MbS jokes Lebanon PM 'not kidnapped' amid Khashoggi controversy
Saudi Arabia's crown prince on Wednesday joked about allegations that Lebanon's premier-designate Saad Hariri was detained in the kingdom last year, saying he hoped his current visit does not spark "abduction" rumours.
Hariri "will be staying in the kingdom for two more days, so I hope there are no rumours of his abduction," Prince Mohammed bin Salman said while addressing the Future Investment Initiative forum in Riyadh.
The prince burst out laughing and shook hands with a smiling Hariri, who sat next to him on stage, as the audience also erupted in laughter.
Saudi Arabia has long been a key ally of Hariri, while Riyadh's regional foe Iran backs Lebanese Shia movement Hizballah.
But in November last year, Hariri announced he was stepping down in a televised address from the Saudi capital, causing observers to speculate he was being held against his will.
After French mediation, he rescinded his resignation the following month, and Saudi Arabia has denied intimidating Hariri into quitting his post.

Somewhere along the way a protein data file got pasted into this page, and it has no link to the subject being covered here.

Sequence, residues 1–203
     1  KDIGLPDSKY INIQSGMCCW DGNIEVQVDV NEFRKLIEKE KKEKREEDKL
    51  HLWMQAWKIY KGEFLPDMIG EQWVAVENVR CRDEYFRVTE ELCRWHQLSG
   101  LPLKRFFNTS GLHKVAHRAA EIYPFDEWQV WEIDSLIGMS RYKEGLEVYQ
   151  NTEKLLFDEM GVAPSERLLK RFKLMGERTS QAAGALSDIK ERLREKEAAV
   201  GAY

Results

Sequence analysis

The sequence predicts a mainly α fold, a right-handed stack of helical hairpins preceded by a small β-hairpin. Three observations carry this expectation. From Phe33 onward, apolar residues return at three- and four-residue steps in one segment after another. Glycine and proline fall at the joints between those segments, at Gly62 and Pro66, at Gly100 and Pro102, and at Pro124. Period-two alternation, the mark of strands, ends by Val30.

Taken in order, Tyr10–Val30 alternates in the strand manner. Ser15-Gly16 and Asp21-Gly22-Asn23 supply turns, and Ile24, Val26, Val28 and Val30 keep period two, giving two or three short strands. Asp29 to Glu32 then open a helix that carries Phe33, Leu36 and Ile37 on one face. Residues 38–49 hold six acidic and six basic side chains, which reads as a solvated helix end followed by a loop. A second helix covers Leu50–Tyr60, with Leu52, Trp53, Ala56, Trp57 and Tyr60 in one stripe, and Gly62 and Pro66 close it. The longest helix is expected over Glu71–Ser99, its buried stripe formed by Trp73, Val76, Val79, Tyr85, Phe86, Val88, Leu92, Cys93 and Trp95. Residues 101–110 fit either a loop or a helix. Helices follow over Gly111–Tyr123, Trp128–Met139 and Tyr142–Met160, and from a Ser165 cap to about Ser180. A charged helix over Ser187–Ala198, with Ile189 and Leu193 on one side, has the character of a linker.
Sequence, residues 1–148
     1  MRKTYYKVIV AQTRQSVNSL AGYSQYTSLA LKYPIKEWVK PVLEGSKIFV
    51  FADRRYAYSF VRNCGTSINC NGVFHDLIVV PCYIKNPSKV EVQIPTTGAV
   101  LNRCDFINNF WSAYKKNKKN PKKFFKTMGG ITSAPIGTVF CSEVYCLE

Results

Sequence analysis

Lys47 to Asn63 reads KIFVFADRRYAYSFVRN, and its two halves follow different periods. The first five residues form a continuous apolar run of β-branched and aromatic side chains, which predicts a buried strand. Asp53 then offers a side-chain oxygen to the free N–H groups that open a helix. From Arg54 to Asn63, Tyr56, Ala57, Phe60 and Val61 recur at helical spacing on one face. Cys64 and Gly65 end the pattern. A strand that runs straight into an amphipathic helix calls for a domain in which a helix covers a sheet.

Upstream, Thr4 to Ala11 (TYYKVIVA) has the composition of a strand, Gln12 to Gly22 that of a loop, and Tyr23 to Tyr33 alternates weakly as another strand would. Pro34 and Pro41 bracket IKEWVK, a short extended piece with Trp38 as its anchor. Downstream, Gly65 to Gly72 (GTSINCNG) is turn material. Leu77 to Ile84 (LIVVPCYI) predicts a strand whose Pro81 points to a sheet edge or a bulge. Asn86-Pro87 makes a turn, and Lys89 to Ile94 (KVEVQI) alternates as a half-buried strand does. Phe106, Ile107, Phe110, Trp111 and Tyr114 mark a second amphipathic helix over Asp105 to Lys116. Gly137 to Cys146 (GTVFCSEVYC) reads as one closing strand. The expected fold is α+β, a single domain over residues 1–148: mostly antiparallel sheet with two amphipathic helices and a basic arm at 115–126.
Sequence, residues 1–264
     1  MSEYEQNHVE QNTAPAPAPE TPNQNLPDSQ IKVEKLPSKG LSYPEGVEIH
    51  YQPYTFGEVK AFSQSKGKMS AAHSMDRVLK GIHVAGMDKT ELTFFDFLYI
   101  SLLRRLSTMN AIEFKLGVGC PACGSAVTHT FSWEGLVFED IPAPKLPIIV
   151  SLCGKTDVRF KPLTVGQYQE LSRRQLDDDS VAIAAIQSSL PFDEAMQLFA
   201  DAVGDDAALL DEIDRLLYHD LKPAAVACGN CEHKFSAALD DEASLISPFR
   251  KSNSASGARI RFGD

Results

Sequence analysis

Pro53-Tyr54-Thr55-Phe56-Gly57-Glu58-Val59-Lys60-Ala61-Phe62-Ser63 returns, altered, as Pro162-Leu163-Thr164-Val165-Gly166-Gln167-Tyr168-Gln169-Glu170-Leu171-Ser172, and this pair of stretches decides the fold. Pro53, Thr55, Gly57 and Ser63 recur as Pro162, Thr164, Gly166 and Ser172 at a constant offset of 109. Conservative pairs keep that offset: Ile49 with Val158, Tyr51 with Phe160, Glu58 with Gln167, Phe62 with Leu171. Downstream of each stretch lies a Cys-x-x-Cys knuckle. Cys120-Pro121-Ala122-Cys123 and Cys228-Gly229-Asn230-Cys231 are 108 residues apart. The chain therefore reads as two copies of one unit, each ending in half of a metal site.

Hariri was named premier for a third term in May after Lebanon's first parliamentary elections in nine years, but has since struggled to form a cabinet.
Hariri, a dual Saudi citizen, has thrown his support behind Prince Mohammed as he faces global outrage over the murder of Saudi journalist and government critic Jamal Khashoggi at the kingdom's consulate in Istanbul.
Khashoggi, a Saudi insider-turned-critic and Washington Post writer who was in self-imposed exile in the US, was murdered inside the Saudi consulate in Istanbul on 2 October as he organised the paperwork for his marriage to his Turkish fiancee.
After more than two weeks of vehemently denying Khashoggi was dead and insisting Khashoggi left the consulate unharmed, the Saudi government on Saturday said he was killed in a "fist fight" inside the building and that the murder was not state-sanctioned.
Speaking publicly for the first time since Khashoggi's death at the Saudi consulate in Istanbul, MbS insisted the kingdom was cooperating with Turkish authorities and "justice will prevail".
he kingdom is under mounting international pressure over the killing amid US accusations of a monumental cover-up by the kingdom.
President Donald Trump on Tuesday suggested MbS could be behind the murder. "The prince is running things over there," the American leader said, in his toughest remarks yet on the case.
MbS also attempted to downplay any diplomatic crisis with Turkey, which is leading the investigation into Khashoggi's death.
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